So what your argument fundamentally boils down to is positing the idea that we should consider regulating things that are likely to be addictive and have the possibility of leading to harmful secondary consequences. That is a dangerous line of thinking on a very slippery slope. The extreme examples are tragic and have ruined people's lives, but such is the nature of many things in life. Regulating all of the things that fit your requirements would be ridiculous, unnecessary, impossible, and in the long run do far more harm than good.

If you are not just posting this for the reactions (I mean, you are posting this on Game FAQS of all places...) and you seriously believe what you say, then are truly sad and misguided.

And if you believe as much, you should continue this debate somewhere with people who are more intelligent and informed than the random collection of gamefaqs users you'll find here. Your argument will be ripped to logical shreds...I guarantee it.
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When life gives you lemons just say f#$% the lemons and bail.
#96wentzelotPosted 3/8/2014 10:41:13 AM
my brother is addicted to tv

my mom is addicted to buying things from rummage sales

my friend is addicted to music

etc etc

successful trolling tc
#97PaukenPosted 3/8/2014 10:42:04 AM
Blobs_ posted...
YOU WOULDN'T DOWNLOAD A CAR

whoops wrong thred


Am I the only one who thought this post should've been the end of the topic? Rest of the posts here weren't very amusing, and also suffered from immense stupidity (mostly cause there are things far worse than video games to be addicted to, and somehow suggesting that video games should be controlled before a certain uncontrolled more-potent-than-20-illegal-drugs-put-together "medicinal supplement" which can be bought over the counter and which shall not be named so I don't get my ass modded, is beyond epically stupid)...this is quite literally the only troll post I lol'd at from the stupidity in this topic.

Fun fact: soon you WILL be able to download a car. 3D Printers, yo.
#98MantraChamplooPosted 3/8/2014 10:50:20 AM
Boy, Stop.
#99Spawn_LOLsPosted 3/8/2014 11:06:04 AM
"I don't become an alcoholic when I drink, so alcoholism doesn't exist."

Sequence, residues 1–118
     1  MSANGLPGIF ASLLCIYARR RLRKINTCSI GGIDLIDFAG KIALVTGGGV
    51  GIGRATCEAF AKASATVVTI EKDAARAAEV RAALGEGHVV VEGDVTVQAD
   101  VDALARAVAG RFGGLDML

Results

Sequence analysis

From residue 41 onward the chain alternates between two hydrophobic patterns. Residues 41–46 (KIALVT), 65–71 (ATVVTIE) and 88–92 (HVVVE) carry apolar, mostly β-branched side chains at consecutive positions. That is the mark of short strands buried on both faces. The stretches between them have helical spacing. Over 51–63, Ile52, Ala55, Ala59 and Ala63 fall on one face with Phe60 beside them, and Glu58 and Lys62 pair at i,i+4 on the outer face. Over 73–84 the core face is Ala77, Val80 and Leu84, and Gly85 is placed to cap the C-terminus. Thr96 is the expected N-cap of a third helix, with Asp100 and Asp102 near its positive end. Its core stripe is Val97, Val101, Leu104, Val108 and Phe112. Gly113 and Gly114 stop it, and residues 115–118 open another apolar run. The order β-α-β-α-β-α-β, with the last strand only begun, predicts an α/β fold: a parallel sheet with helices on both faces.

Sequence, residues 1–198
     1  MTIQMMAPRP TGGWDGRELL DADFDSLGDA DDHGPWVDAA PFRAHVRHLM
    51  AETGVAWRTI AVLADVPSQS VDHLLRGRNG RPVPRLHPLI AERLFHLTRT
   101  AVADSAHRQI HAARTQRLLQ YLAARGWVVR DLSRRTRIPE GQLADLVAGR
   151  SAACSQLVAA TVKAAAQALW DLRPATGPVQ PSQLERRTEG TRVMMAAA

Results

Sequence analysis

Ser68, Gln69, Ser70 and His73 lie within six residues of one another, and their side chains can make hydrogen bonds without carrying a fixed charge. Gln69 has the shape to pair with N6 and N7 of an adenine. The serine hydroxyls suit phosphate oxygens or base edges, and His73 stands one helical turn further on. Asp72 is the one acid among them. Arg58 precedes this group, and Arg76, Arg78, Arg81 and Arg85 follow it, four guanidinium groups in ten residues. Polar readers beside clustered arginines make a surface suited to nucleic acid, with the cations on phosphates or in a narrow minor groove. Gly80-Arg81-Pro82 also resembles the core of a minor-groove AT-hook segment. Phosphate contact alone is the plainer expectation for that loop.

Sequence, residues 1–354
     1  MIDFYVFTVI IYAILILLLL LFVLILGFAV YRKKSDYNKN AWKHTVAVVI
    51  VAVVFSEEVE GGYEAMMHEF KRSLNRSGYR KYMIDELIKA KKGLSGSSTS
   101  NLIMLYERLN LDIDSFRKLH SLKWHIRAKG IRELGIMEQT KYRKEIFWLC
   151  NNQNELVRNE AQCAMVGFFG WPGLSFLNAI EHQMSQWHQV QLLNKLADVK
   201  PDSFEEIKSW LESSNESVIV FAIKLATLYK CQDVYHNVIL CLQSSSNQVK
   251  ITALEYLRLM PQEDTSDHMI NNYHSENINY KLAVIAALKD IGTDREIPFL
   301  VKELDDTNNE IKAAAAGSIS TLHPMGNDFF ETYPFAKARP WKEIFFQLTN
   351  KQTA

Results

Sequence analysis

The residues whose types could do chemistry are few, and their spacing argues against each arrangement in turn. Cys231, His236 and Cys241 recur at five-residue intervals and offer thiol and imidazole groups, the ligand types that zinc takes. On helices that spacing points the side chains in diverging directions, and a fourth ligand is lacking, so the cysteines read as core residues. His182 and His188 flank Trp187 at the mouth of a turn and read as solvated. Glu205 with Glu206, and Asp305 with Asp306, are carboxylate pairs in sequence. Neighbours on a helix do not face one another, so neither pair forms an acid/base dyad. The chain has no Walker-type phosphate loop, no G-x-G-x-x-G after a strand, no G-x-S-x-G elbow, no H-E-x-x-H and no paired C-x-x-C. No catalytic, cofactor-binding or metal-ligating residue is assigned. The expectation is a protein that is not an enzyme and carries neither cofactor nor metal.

Alcoholism does exist. You can indeed have a chemical dependency of alcohol, though most people dont, do your google research.

Video games addiction on the other hand are of course psychological. And like any other psychological addiction (like sex) it can get pretty bad.
#100noimnoturdaddy(Topic Creator)Posted 3/8/2014 11:19:32 AM(edited)
pingpongching posted...
And before I go any further, stop using analogies. There is almost never a situation where an analogy perfectly embodies what you are trying to say. It is a broad strokes comparison that skates over a thousand little details that just can't be ignored. Every situation is unique. Analogies are just empty fluff that conveniently fit you position.

Yet everyone uses them, from nobodies to high-level debaters. Because yes, they glaze over the details that provide the differences between two arguments, but they do help give grounding to an argument by comparing it to something similar. Disliking analogies won't make them go away.

pingpongching posted...
Now, how is gaming different from drug or alcohol abuse? Because those things are harmful to you EVERY time you do it.

The key word in what you've said here is "abuse", and since we must compare apples to apples, video game abuse would be harmful every time you did it as well, since that's the nature of abuse.

If we just talk about use in moderation, then alcohol and drugs aren't harmful every time you do it, and can actual provide valuable experiences, as can gaming. However, there are some games that are designed to do nothing but addict the player, as there are substances that are designed to do nothing but addict the user, so it is directly comparable. There are different potential levels for addiction in video games (ie. something like "The Yawhg" vs any MMO), the same way there are different levels of addiction based on which substance you are using. Which is why those substances are regulated.

pingpongching posted...
You also brought up gambling addiction as your example of a non-consumable that is addictive and ruins people's lives. That also just happens to be "regulated" by the government. But this is not because of the same reasons as drugs and alcohol. They are not comparable in this particular instance and it bears no mentioning. Yes gambling CAN be addictive but like gaming, it is not inherently harmful.

If it wasn't inherently harmful there would be no need to regulate, or to prevent children from participating in gambling on school grounds. It's regulated because while it isn't inherently harmful, the potential for harm is higher than other things, which is why it's controlled. Like it or not, this is directly comparable to gaming.

pingpongching posted...
So what your argument fundamentally boils down to is positing the idea that we should consider regulating things that are likely to be addictive and have the possibility of leading to harmful secondary consequences. That is a dangerous line of thinking on a very slippery slope.

I'm not asking for regulation on anything - a post or two earlier mentions this. I'm not calling for any kind of change. This is a topic on a video game board, I don't expect it to shape a policy or change the way anyone thinks.